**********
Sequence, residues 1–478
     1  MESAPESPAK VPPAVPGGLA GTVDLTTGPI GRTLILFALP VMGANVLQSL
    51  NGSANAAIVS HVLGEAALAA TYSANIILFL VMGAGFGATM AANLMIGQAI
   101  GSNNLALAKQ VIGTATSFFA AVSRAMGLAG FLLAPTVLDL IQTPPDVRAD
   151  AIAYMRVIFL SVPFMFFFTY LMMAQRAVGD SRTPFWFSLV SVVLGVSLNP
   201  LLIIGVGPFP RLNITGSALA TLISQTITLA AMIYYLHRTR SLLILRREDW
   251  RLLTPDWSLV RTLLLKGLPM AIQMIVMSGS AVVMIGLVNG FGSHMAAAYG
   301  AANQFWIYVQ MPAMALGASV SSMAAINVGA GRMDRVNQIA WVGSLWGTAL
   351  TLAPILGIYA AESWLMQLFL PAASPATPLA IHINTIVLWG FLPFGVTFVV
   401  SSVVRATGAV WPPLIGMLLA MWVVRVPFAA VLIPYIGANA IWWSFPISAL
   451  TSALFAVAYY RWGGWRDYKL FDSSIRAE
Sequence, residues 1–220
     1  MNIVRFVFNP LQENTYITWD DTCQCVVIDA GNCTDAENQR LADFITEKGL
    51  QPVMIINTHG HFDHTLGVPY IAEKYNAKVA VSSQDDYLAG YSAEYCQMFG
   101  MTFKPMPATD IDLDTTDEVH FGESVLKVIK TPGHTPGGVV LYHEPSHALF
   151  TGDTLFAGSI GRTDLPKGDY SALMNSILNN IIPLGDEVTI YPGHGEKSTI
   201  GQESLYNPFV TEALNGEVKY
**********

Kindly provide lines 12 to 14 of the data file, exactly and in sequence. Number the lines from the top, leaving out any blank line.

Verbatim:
Sequence, residues 1–220
     1  MNIVRFVFNP LQENTYITWD DTCQCVVIDA GNCTDAENQR LADFITEKGL
    51  QPVMIINTHG HFDHTLGVPY IAEKYNAKVA VSSQDDYLAG YSAEYCQMFG